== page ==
Getting Started with Paco

Once you have the paco command-line installed, to get up and running you will need to:

  1. Create a Paco project.
  2. Create an IAM User and Role in your AWS account.
  3. Connect your Paco project with your IAM User and Role.

Create a Paco project

The paco init command is there to help you get started with a new Paco project. It will let you create a new Paco project from a template and connect that project to your AWS account(s).

First you will use the paco init project command to create a new project. This command takes as a single arguement the name of directory to create with your new Paco project files. Run it with:

$ paco init project <my-paco-project>

You will be presented with a series of questions about your new project.

You will be asked to supply some name and title values. Paco makes an important distinction between a name field and a title field. The name fields are used to construct unique resource names in AWS, while title is for human-readable descriptions.


Name guidelines in Paco

  1. AWS resources have different character set restrictions.
    We recommend using only alphanumeric charcters and the hyphen character in names (a-zA-Z-).
  2. Try to limit names to only 3 to 5 characters.
    Paco name fields are concatenated together to create unique names. Certain AWS resources names are limited to only 32 characters. If you use long names they may be too long for AWS.
  3. Names can not be changed after they provsion AWS resources.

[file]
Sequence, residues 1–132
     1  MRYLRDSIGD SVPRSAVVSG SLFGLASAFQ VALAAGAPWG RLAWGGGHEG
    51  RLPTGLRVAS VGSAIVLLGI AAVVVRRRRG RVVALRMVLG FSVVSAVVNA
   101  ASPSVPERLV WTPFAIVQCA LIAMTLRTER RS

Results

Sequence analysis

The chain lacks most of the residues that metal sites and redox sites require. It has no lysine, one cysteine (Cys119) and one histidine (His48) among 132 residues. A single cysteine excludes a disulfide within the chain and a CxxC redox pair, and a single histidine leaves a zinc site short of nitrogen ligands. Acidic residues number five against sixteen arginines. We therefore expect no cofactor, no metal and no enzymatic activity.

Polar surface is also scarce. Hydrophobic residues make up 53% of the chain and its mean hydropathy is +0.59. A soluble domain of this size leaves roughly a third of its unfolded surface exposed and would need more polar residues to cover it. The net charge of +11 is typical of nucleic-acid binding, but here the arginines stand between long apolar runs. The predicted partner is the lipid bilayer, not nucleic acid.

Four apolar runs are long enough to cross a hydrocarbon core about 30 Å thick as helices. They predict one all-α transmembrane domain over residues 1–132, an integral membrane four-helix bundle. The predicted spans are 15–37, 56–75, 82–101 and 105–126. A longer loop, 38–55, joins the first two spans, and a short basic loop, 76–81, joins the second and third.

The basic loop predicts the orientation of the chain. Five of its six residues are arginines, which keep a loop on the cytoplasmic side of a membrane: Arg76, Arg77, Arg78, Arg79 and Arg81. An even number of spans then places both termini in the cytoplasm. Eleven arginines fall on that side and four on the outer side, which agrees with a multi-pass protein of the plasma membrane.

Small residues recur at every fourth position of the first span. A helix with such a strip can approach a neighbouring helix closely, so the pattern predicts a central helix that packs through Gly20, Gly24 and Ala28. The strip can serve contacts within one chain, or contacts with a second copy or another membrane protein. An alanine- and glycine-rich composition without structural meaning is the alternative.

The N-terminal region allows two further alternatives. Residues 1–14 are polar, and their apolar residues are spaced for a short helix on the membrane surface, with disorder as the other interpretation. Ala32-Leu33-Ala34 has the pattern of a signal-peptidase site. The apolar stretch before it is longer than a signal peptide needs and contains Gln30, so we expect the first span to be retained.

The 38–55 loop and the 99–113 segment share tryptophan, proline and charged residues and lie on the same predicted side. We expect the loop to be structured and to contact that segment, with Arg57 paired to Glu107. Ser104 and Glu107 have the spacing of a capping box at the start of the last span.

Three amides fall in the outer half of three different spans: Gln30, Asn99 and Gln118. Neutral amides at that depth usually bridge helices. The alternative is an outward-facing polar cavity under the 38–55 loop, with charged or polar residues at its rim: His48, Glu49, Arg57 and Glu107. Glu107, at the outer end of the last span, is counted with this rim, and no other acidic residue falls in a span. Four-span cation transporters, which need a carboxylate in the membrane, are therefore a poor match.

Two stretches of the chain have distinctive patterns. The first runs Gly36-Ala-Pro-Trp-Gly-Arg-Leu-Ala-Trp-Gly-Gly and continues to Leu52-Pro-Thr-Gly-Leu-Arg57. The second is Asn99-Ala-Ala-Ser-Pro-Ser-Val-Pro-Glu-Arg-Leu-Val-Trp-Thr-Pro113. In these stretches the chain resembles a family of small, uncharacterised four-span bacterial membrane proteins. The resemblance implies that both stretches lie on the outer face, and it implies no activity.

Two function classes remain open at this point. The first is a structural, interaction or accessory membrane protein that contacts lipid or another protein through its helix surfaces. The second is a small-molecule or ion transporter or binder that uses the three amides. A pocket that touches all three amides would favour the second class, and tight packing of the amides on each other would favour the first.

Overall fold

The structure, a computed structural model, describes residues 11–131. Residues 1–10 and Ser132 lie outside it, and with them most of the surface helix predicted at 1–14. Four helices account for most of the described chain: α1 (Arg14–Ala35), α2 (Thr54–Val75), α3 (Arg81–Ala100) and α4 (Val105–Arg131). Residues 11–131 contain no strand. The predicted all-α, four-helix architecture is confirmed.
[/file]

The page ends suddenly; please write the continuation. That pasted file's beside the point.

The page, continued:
Names identify resources in AWS. Once you use Paco to create resources in AWS, if you change name fields Paco will no longer know where those resources are. The only way to change a name field is to delete the resources, change the name, and create new ones.

An example set of answers for creating a Paco project:

project_title: My Paco Project
network_environment_name: ne
network_environment_title: My Paco Network
application_name: app
application_title: My Application
aws_default_region: us-west-2
master_account_id: 123456789012

After this you will have a new directory of files that comprises and Paco project.

The path to this Paco Project directory is called your PACO home. The rest of the commands you run will need this path supplied with the –home CLI option. For macos and linux users, there is also a file named which will export an PACO_HOME environment variable to your shell. This environment variable can be used to make it easier by avoiding the need to type out the –home option for every command:

$ source my-paco-project/
(My AWS Paco Project) laptop username$

Create a User and Role in your AWS account

When you run Paco it requires access to your AWS account.

Paco requires access key credentials for an IAM User that has permissions to switch to an IAM Role that delegates full Administrator access.


Why can’t I just use any AWS Access Key with Administrator access with Paco?

Paco requires an IAM User capable of switching to a Role that contains Administrator permissions. Paco does this for security reasons. Paco will ask you for your MFA token from the CLI. As you store an AWS Access Key and Secret in a Paco .credentials file, if this file is accidentaly leaked then unwanted users will not be able to use your key without also being able to access your MFA device.